A few years back, I had a Destination Imagination team that was made up of all Kindergartners. At competition, their instant challenge consisted of cutting out pieces of dinosaur body parts from tagboard and making new dinosaurs. After their creation time, they had to create a play about their new dinosaurs. When time was called and the play needed to begin, one of the partnerships did not have a new dinosaur created. The other kids began the play and used their new dino puppets. One of the girls who was unable to complete her new dino grabbed a scrap piece of paper from the floor and started using it as a puppet to engage in the play. It was a oval that was cut out and she used the edges as a mouth chomping up and down as she spoke. Then another boy grabbed a scrap and joined in. It was so great to see the lack of barriers to their creativity. Though they were not successful with the ideal outcome of having a new dinosaur created, they were successful in joining in on the performance. A scrap of paper became a character to brought to life with a splash of imagination and the ability to take a risk! This has stuck with me for many years, as it was an example of raw creativity.
Today, my class was cutting out circles for our math lesson on mixed numbers. They had a strip of paper with 4 circles that had to be cut out. When I saw the pile of scraps in my recycling bin, I was reminded of the DI experience. Since it was also Earth Day, I decided it was the perfect day to have fun with the scraps. After lunch, I told the kids the story about the dino play, and I told them that they were going to have 15 minutes to play with a piece of scrap paper. We discussed the many ways play could be addressed, from puppets to art work to origami and more! I was curious if anything would be different with 8-9 year olds. Would they be able to see the opportunities in a small scrap of paper?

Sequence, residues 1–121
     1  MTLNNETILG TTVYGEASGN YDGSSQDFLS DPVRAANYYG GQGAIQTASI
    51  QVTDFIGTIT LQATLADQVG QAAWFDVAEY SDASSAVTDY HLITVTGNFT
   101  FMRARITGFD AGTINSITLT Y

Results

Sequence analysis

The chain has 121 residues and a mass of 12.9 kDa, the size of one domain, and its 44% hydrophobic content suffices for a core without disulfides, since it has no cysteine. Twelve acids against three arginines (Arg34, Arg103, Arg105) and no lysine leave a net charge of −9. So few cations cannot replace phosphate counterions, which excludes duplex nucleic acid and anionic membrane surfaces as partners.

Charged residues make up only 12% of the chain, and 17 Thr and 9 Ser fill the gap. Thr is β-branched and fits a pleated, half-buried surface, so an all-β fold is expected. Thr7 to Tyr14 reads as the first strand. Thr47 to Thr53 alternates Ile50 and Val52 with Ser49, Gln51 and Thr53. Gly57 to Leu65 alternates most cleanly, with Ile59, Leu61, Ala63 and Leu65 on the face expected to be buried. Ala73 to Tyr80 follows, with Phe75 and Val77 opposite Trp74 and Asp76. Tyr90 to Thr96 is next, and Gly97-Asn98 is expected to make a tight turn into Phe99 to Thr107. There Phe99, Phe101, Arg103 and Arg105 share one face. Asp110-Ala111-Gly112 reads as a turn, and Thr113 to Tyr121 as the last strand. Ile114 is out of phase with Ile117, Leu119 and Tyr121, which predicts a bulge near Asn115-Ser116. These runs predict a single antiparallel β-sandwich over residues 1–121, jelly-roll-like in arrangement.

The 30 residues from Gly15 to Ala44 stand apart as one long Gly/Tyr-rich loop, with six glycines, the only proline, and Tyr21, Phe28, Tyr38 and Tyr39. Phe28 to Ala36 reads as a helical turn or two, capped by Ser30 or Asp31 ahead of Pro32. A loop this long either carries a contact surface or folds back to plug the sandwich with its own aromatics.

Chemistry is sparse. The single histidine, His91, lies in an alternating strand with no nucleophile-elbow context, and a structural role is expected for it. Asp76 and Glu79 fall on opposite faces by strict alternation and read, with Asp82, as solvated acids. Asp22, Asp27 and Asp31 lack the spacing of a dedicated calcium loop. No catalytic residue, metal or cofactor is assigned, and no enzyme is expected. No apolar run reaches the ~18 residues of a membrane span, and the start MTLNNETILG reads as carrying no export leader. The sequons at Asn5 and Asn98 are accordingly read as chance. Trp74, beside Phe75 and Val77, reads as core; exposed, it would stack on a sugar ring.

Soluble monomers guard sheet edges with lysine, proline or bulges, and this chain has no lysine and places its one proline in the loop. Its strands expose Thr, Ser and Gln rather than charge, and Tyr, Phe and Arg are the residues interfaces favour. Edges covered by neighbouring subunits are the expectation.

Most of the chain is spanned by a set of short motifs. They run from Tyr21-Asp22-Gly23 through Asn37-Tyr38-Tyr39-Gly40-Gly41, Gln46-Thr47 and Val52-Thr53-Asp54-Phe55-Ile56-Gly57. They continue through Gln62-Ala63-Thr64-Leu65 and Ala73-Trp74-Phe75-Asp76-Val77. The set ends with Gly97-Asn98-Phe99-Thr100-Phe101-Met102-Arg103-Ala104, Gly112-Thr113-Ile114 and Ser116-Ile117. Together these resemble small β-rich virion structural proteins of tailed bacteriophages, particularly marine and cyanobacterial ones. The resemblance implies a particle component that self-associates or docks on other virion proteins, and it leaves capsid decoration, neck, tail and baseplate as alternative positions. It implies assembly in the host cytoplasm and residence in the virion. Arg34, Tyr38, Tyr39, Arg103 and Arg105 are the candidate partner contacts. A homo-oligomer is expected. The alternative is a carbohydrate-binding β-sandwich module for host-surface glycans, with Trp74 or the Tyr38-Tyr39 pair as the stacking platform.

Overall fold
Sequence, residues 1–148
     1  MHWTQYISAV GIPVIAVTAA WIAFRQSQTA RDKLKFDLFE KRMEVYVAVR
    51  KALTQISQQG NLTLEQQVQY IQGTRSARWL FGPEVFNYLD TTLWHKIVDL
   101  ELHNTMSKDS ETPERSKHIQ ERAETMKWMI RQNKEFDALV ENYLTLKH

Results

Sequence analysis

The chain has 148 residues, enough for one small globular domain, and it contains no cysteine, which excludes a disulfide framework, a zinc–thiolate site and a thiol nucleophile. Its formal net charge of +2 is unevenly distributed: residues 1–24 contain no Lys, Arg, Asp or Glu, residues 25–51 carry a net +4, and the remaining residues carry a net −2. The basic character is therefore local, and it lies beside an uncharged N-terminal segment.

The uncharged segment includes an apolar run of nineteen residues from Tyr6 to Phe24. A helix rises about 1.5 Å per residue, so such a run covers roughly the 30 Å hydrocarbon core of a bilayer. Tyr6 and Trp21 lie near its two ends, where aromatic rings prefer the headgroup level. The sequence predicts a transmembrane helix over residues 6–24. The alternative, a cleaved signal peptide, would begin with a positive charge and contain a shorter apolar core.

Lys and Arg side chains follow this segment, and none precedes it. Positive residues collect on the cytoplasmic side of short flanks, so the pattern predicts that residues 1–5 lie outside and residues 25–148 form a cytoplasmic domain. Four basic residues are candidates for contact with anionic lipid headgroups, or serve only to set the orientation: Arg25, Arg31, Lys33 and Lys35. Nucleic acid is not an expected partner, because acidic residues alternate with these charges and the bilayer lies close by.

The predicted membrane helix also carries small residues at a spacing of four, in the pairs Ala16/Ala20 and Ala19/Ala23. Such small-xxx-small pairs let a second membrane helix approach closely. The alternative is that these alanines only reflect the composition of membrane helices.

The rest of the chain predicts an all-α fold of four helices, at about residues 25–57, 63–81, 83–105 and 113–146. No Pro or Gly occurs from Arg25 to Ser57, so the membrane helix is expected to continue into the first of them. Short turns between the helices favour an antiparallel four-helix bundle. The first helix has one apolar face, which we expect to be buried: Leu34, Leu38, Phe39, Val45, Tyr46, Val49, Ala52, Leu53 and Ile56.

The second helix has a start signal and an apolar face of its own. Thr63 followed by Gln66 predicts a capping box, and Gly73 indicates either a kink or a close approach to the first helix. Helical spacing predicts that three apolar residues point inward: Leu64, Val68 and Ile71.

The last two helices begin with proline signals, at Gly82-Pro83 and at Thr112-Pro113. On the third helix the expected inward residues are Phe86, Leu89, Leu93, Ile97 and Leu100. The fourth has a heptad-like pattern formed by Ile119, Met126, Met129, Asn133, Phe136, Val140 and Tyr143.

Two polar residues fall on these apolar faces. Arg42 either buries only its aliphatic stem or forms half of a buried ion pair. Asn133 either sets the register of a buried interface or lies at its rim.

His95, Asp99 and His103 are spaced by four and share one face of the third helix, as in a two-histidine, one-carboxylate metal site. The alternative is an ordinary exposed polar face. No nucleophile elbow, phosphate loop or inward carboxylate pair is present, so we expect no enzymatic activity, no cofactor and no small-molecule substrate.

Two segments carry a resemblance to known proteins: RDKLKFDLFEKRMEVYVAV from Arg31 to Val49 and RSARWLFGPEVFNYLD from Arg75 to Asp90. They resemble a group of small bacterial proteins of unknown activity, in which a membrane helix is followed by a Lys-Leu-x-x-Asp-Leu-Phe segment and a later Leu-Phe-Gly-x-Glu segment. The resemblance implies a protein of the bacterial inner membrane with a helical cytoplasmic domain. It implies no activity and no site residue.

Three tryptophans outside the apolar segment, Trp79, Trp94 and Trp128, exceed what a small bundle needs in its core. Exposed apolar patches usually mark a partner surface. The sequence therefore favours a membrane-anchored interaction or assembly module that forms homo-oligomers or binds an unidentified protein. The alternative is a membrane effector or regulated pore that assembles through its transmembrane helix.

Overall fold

I ended up extending the time a bit, as my room became full of imagination, joy, and innocence. The play I witnessed reminded me of the days observing preschool rooms, yet with a hint of sophistication, as many of the students were using their devices to create videos. I was reminded of the hearts and minds in all of our students and the spirit of childhood within each of them. They had a blast either playing with their 1 scrap of paper or collaborating with others. We had videos, live performances, and art work shared. One boy even created a soccer game with his scrap. We will be doing this again, as it was a hit. Not only did they have a bit of time to discover the possibilities of a simple object, but they also discovered that expensive material objects are not always the ultimate in entertainment. I videoed some of the activity, and I encourage you to see the joys that a scrap of paper can bring to children!